How to Tell a Cold from the Flu

Your little one is coughing, sneezing and asking for comfort. How can you tell a cold from the flu? Knowing the difference between the two is important for any parent.

Although colds and the flu are both respiratory illnesses, they're caused by different types of viruses. The problem is that colds and the flu share symptoms, like coughing and sneezing. But I've listed a few ways to distinguish between the two. Keep in mind that every child is different. If you're worried about him or her, don't hesitate to call your pediatrician.

How can I tell if it's a cold? 
Colds are generally milder than the flu and usually last for about a week. Children typically develop a sore throat. The cold is more likely to cause sinus symptoms -- such as a runny nose, sniffling and sneezing -- followed by a cough. Kids can also present a low-grade fever, which is usually around 100 F. The symptoms of the flu also generally last longer -- up to two weeks -- than the symptoms of a cold, which usually last three to seven days.

How can I tell if it's the flu? 
More severe than a cold, flu symptoms tend to come on quickly: Your child can feel fine one day and horrible the next. The main symptom of the flu, however, is a fever. Kids can get a high-grade fever of up to 106 F. (Click here to learn more about when to call the doctor for a fever.) Other telltale signs include a dry cough, body aches and an overall feeling of fatigue.

What's the best way to treat the viruses? 
If your child has the flu, and she or someone in your home has a compromised immune system -- an infant, a senior citizen, or someone with a chronic illness -- call your pediatrician right away. Your doctor will want to prescribe an antiviral medication, which is most effective when taken 48 hours after onset. This can help prevent the spread of the flu, which can cause potentially dangerous complications, like pneumonia.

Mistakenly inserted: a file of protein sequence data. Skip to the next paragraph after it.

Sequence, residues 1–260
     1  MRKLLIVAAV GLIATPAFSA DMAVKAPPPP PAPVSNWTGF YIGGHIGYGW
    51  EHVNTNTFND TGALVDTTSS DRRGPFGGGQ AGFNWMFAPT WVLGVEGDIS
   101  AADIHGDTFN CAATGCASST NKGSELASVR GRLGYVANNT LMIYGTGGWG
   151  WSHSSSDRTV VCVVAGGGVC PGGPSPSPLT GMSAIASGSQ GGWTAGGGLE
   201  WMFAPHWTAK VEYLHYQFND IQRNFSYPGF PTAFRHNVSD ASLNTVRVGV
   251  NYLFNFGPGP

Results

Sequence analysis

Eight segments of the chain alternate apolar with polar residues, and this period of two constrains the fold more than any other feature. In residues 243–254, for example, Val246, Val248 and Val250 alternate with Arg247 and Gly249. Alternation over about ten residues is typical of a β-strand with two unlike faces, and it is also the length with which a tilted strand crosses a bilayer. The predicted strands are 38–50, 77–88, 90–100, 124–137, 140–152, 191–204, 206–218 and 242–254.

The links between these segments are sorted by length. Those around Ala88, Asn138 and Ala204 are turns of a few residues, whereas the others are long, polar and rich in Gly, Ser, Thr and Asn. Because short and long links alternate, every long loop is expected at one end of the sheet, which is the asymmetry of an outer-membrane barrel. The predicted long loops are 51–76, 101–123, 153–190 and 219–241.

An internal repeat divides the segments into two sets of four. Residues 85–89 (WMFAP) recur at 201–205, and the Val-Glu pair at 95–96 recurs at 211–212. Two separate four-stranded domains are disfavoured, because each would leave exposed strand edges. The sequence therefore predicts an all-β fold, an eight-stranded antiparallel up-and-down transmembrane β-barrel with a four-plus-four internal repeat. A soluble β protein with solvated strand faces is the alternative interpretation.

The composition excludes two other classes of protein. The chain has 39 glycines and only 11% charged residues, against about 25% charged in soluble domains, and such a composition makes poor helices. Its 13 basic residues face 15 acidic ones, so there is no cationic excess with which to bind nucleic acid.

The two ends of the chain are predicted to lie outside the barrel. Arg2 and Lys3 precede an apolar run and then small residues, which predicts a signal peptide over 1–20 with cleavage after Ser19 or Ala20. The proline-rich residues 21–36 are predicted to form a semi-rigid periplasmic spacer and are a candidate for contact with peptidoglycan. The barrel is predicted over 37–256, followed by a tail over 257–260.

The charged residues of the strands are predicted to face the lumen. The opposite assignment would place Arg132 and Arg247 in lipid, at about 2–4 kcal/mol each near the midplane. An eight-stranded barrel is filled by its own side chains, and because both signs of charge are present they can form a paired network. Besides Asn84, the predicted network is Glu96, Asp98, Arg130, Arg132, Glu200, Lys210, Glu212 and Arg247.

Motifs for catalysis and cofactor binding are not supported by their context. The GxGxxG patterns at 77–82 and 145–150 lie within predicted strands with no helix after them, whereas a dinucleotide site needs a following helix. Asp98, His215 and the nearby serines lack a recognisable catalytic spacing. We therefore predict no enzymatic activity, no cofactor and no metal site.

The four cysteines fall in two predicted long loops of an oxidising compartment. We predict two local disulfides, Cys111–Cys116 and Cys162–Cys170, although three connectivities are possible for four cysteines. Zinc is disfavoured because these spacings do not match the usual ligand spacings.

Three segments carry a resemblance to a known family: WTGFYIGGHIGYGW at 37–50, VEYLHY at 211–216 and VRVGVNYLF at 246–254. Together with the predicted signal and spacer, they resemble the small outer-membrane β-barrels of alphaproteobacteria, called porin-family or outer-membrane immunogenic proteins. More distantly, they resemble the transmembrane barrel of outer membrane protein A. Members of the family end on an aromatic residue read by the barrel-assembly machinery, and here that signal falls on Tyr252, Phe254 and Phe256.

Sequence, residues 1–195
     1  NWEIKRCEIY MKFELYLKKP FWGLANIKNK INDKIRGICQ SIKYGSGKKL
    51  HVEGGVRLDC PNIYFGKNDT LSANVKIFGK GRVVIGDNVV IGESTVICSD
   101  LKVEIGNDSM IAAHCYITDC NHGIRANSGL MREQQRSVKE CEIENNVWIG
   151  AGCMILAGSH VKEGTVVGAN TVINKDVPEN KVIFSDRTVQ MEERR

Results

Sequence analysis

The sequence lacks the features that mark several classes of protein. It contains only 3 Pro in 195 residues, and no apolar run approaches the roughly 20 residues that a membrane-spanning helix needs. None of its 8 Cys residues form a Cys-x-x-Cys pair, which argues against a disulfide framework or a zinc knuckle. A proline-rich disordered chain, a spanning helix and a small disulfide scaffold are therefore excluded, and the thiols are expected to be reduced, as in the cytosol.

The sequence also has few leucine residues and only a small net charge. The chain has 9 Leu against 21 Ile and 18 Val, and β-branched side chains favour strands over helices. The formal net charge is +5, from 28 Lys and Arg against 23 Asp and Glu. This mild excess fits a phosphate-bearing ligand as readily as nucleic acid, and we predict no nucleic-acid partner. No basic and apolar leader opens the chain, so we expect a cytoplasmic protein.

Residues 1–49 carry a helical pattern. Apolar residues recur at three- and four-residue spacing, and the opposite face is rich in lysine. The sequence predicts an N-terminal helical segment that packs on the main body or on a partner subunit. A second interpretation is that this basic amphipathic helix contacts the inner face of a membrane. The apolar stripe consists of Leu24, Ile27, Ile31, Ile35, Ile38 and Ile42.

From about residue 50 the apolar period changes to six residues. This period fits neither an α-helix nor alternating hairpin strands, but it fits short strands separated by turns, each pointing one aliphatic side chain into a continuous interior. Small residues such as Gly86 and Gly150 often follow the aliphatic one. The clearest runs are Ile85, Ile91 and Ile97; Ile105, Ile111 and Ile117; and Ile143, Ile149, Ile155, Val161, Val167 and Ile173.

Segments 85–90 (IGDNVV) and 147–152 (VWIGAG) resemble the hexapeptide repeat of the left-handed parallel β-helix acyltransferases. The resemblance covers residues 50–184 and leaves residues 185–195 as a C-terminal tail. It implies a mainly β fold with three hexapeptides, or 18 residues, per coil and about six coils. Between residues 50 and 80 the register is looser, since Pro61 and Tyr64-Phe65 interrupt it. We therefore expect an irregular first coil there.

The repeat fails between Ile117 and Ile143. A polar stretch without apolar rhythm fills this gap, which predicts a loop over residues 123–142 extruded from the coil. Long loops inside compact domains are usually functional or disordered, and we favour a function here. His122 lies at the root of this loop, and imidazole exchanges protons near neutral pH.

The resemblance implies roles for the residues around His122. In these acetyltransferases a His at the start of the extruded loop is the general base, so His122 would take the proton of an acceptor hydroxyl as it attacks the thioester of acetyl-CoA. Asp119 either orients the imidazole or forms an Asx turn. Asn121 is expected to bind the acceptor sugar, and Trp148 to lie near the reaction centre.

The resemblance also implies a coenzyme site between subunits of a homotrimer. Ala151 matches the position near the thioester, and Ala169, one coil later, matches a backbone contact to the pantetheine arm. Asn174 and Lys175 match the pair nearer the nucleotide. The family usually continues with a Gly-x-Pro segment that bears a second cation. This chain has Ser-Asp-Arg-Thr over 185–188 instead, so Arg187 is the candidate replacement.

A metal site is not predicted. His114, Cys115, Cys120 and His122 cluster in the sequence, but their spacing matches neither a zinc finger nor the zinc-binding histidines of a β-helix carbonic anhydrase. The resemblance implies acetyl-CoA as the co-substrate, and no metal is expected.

Otherwise, you can treat both illnesses the same way: Make sure that your child gets plenty of rest and fluids. You can use a fever-reducing medication, like acetaminophen, to bring down his or her temperature, as well as OTC meds to relieve symptoms.

If your child experiences respiratory problems and has trouble breathing, has a fever that lasts more than three days, or doesn't seem to be getting better with time, call your doctor. You want to make sure that he didn't develop a complication, such as pneumonia or a sinus or ear infection.

Hand-washing 101: When Scrubbing up Spreads Germs

Our hands allow us to work, interact and take care of our children -- but they can also make us sick."Hand-to-face contact is the most common way germs are spread," says Dr. Harley A. Rotbart, the vice chairman of academic affairs in the pediatrics department at the University of Colorado School of Medicine, a physician at Children's Hospital Colorado, and the author of Germ Proof Your Kids: The Complete Guide to Protecting (Without Overprotecting) Your Family From Infections. That's why proper hand-washing is the best defense against cold and flu.

Most of us -- 85 percent, an American Society for Microbiology and American Cleaning Institute study says -- hit the sink in public. But Rotbart says the majority aren't scrubbing up correctly. Read on to get the clean truth about how to kill germs with proper hand-washing protocol.

  • Take it all off. Before you turn on that faucet, remove your rings. According to a study published in the American Journal of Infection Control, ring-wearers had higher counts of bacteria on their hands before and after washing than those who didn't wear them. Afraid you'll misplace your band? Shift it up your finger and clean beneath it.
  • Add a squirt. There are dozens of soap options available, but you can keep it simple. "There's no need for an antibacterial brand," says Rotbart."They're no more effective than the standard variety." He also recommends reaching for a liquid form. "The residue in soap dishes can make those bars a breeding ground of bacteria." For the cleanest suds, sterilize your dispenser pump in the dishwasher every other week.